Monthly Archives: September 2007

Freedom to criticize and quantify

How do people respond when a U.S. general presents testimony to congress that contains slides that are difficult to interpret? Well, some people respond constructively and make a project out of it. Others respond in ways that will probably be much less useful when it comes to interpreting future testimonies, such as controversial full page ads in newspapers. As far as I can tell, congress has yet to acknowledge the useful responses to General Patraeus’ presentation. They could use a bit of quantification I think. Unfortunately, they have acknowledged quite vehemently the ad taken out by MoveOn.org in the New York Times on September 10th. Now, I don’t know that much about the situation and I am not an active supporter of MoveOn. But, what the hell is the house doing wasting time passing a resolution in response to a newspaper advertisement? In my vision of how the U.S. government should work, congress would make laws not official declarations of their opinion of certain organizations. So what if an organization wants to spend its money expressing its opinions through advertisements? As long as such advertisements do not contain any false statements, I don’t see any problem with it. Shouldn’t freedom of speech include freedom from intimidation by the government to not express oneself in a particular way?

Advertisements

Football and all that jazz

I needed to take a break from writing up my Theory of Computation problem set, so I thought I would write about my awesome upcoming weekend plans. I’m flying out to Berkeley to visit AP. Its going to be great to see her and we have some super plans lined up. Since she is technically Berkeley staff now, she was able to get in on the free football tickets that the university gives out to staff members for one game each season. The number 6 ranked Golden Bears are going to destroy Arizona and I’m going to be there to watch it. Its funny how my interest in football is so highly correlated with how well Cal is doing.

That evening after the game, we are heading out to the city to see Medeski, Scofield, Martin, and Wood play at the Fillmore. My friend S got tickets for this show in June, so I have been anticipating this show for a while now. I’m really stoked about the show. I’ve seen MMW and Scofield, but never together. I’ve also never been to the Fillmore. So, should be awesome.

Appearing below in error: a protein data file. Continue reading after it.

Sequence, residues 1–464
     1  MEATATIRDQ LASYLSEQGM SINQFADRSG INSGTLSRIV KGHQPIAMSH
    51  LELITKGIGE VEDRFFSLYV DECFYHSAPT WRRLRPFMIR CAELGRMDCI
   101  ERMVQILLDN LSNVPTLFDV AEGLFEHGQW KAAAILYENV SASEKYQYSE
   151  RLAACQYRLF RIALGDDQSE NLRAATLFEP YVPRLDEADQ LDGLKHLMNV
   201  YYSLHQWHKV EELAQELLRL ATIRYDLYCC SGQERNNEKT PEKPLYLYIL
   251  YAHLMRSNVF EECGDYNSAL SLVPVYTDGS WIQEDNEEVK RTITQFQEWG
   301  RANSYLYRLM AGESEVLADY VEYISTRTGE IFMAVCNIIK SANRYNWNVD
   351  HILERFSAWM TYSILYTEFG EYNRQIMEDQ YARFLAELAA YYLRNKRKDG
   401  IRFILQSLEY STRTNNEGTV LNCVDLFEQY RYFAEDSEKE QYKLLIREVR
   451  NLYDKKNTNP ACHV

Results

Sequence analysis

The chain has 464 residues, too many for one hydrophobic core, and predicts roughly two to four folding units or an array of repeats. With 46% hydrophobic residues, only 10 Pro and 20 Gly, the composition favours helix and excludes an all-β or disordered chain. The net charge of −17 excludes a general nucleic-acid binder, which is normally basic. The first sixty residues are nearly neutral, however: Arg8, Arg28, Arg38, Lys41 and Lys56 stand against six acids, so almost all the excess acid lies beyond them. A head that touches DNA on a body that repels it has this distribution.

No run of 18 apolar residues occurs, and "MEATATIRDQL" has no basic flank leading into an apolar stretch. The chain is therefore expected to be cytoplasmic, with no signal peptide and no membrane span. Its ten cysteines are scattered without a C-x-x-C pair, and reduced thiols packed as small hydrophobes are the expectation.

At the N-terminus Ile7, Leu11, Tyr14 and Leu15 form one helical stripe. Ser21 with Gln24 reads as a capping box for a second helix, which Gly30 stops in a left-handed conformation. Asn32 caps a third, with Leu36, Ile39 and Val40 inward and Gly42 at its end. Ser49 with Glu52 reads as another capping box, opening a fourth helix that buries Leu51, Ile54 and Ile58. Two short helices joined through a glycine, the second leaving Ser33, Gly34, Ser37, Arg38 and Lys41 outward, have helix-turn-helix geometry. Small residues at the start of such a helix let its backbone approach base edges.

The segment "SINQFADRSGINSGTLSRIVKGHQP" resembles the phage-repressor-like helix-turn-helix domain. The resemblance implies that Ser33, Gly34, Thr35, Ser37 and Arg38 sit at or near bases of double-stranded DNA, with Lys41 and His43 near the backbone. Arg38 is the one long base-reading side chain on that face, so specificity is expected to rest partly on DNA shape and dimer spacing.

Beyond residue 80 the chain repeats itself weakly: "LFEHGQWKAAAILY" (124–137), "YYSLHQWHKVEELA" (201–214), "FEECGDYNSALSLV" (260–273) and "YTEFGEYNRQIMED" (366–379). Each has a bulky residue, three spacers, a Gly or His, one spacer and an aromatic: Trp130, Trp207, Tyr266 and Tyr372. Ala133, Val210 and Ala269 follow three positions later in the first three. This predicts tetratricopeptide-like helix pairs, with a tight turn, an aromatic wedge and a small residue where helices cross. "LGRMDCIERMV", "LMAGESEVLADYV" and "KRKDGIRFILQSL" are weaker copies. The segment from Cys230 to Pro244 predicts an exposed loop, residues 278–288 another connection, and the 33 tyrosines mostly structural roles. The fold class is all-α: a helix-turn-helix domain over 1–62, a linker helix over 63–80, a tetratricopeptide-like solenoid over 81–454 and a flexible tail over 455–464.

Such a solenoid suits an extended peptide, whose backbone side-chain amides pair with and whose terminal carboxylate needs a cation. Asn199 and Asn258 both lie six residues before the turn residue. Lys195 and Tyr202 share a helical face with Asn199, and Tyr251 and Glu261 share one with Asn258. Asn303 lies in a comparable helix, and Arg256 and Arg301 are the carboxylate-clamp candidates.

Sunday we might grab some thai brunch and/or go hiking or something. I’m looking forward to hitting all my old food joints in Berkeley and just spending time with AP. Between this weekend and last weekend with my Mom I’ve been busy but having a lot of fun.

The definition of cool (I mean deck)

A couple of friends and I having a running joke about hipsters. Earlier this evening my roommate decided to look up the definition of hipster on Urban Dictionary. The third definition is hilarious and well worth reading. I bet that from now on every time I walk by the Middle East in Central Square I will think of this definition.

An industrial and industrious hero

Just read this post about the movie Iron Man. Check out the trailer. I would probably side with the awesome camp, even though it looks pretty cheesy. I guess I’m not nerdy enough to have known who Iron Man is, but I am nerdy enough to look it up on Wikipedia. I think its hilarious that the article is tagged as possibly being too long. Skimming through the article, Iron Man’s story reminded me a bit of Atlas Shrugged (not the most pleasant memories). The main character is supposed to be an American Industrialist who creates armor for himself. Anyway, should be cool. May 2008 seems like a long time from now.

The dangers of posting pictures from a camping trip

Tahoe